By Michael Hurley, CBS Boston

BOSTON (CBS) — From the start of October through the middle of March, the Boston Bruins established themselves as the best team in the National Hockey League.

In the span of 120 minutes of ice hockey this week in Toronto, they’ve more or less thrown all of that away.

That’s perhaps a harsh assessment of the Bruins’ current predicament, but it’s nevertheless the case after they lost 3-2 to Tampa Bay on Wednesday afternoon. It was a game where the Bruins finally showed that they are indeed capable of playing with their style and aggressiveness, but that awakening kicked in too late and it fizzled out at the end, leaving them winless through two contests thus far.

Without the benefit of an 82-game schedule to offset the impact of a couple of  losses against good teams, the Bruins now find themselves in quite a hole with only one more round robin game left on the docket. The best they can end up with is the third seed, though that part is now out of their hands. It’s possible — likely, even — that the end up as a four seed.

For the Presidents’ Trophy winners, that’s not at all what the goal was when the team headed to Toronto with the aim of returning with the Stanley Cup in tow.

At the same time, if ever there was a year when seeding was far less important than most years, it would of course be 2020. And if the goal in the round robin portion of the restart is to rediscover an identity and flow, then the Bruins can at least take away the positive that they found that in the midst of Wednesday’s loss.

Surely, a 2-0 hole to one of the most dangerous teams in the NHL is an issue, and the Bruins’ start was not particularly inspiring. But the sequence of Torey Krug fighting to defend Brandon Carlo, Charlie McAvoy uncorking a missile from the blue line, Tuukka Rask making some critical third-period stops, the fourth line contributing with a goal and drawing penalties, and the entire team playing with physicality and edge without losing their discipline, the Bruins for 20 or 30 minutes on Wednesday looked like the Bruins.

Alas, 20 to 30 good minutes doesn’t win playoff games. Certainly not against teams like the Lightning. As a result, their path to a Stanley Cup Final likely involves facing more difficult teams along the way.

The word “likely” is not minor there, though, because it’s difficult to properly assess teams at this unique moment in this unique season. The Bruins — who had eight more points than any other team in the conference and six more points than the best team in the West — are living proof that whatever happened in the regular season doesn’t really mean a whole lot here in August. Likewise, the 12th-seeded Canadiens (who didn’t really deserve an invite to the bubble) surprised Pittsburgh with a win to start their qualifying series.

Throw in the complete lack of home-ice advantage (outside of making last changes) for any team, and really, “upsets” these days aren’t quite what they used to be.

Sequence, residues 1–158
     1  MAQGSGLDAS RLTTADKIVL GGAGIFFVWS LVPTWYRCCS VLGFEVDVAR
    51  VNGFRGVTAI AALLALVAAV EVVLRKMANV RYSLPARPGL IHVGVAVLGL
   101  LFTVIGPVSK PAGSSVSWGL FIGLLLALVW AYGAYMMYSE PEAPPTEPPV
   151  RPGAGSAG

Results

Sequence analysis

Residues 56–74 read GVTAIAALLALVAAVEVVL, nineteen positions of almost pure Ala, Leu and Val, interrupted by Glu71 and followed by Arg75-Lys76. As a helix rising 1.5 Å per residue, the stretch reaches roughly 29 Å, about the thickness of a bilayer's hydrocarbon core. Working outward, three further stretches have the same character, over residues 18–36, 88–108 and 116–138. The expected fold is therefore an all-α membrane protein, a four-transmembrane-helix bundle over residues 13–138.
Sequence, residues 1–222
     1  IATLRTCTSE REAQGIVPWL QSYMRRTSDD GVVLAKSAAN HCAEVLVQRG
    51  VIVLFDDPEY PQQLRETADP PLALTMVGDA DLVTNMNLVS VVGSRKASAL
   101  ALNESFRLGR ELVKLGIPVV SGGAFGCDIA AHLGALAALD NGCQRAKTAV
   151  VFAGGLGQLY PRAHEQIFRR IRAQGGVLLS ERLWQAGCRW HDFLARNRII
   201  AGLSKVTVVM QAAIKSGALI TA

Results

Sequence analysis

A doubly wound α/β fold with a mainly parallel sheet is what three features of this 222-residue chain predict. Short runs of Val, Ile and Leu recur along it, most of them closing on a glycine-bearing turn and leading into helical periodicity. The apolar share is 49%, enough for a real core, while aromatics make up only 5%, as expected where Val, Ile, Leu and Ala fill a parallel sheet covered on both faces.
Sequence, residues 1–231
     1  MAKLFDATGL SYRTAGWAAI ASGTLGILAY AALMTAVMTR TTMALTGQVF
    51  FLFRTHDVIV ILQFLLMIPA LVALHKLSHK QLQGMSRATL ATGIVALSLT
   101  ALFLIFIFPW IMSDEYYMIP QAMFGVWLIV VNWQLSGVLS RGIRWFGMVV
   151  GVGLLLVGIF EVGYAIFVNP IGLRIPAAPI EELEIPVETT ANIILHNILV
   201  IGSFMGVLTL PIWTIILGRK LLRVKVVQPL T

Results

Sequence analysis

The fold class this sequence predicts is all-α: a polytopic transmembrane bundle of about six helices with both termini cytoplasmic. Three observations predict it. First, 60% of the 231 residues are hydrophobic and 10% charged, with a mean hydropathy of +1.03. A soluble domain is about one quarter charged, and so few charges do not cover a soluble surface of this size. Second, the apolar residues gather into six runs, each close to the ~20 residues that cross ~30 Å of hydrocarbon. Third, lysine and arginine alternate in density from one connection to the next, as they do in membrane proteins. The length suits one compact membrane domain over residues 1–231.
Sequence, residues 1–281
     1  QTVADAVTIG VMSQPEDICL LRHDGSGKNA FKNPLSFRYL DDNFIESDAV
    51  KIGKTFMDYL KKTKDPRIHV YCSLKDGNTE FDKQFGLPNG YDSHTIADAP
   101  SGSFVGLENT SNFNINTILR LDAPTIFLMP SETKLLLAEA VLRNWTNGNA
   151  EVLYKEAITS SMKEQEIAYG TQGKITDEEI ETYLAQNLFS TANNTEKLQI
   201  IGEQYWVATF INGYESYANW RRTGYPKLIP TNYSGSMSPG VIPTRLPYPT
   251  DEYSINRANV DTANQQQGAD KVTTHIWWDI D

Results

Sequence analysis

Nevertheless, winning hockey games still counts the same, and the Bruins have yet to do that.

Tuukka Rask said after Wednesday’s loss — in which he made 32 saves — that playing good hockey is far more important than worrying about the team’s exact place in the standings.

“I think so. I mean, I think if you want to make a run in the playoffs, you gotta beat every team anyways. So the situation is what it is,” Rask said. “I think the worst thing that’s gonna happen to us is we’re gonna lose the [Toronto Marlies] locker room in our practice rink. So that’s about it. I really don’t care where we finish, I think we just have to focus on our game. We’ll try to do that Sunday and then going into next week. But, yeah, you’ve gotta beat everybody anyways. Whatever.”

Head coach Bruce Cassidy shared a similar message, albeit with a more blunt assessment of the situation.

“Well that part sucks. I’m not gonna lie to ya,” Cassidy said. “But that’s the situation this year with the stoppage of play. We knew the rules going into it that we would lose a little bit of the advantage that we gained. But we are where we are now, and we’re just trying to win a hockey game right now and get our game together for 60 minutes so that we can be at our best [for] whoever we meet. This is one year I do believe the seeding is less relevant than others. I think everyone’s discussed that. Would I rather the number one seed? Absolutely. Keep it. That’s not going to happen. So, like I said, get ready for Washington, play the best game we can, and prepare for the postseason. That’s our ultimate goal. You’ve gotta win 16 games. We knew that going in. And that’ll still be our goal.”

They showed for roughly half of Wednesday’s game that they are capable of recapturing what it is that made them so dominant back before anybody had ever heard of COVID-19. They’ll need to work on turning that effort into a full 60 minutes if they hope to get their Toronto trip back on its intended track.

You can email Michael Hurley or find him on Twitter @michaelFhurley.

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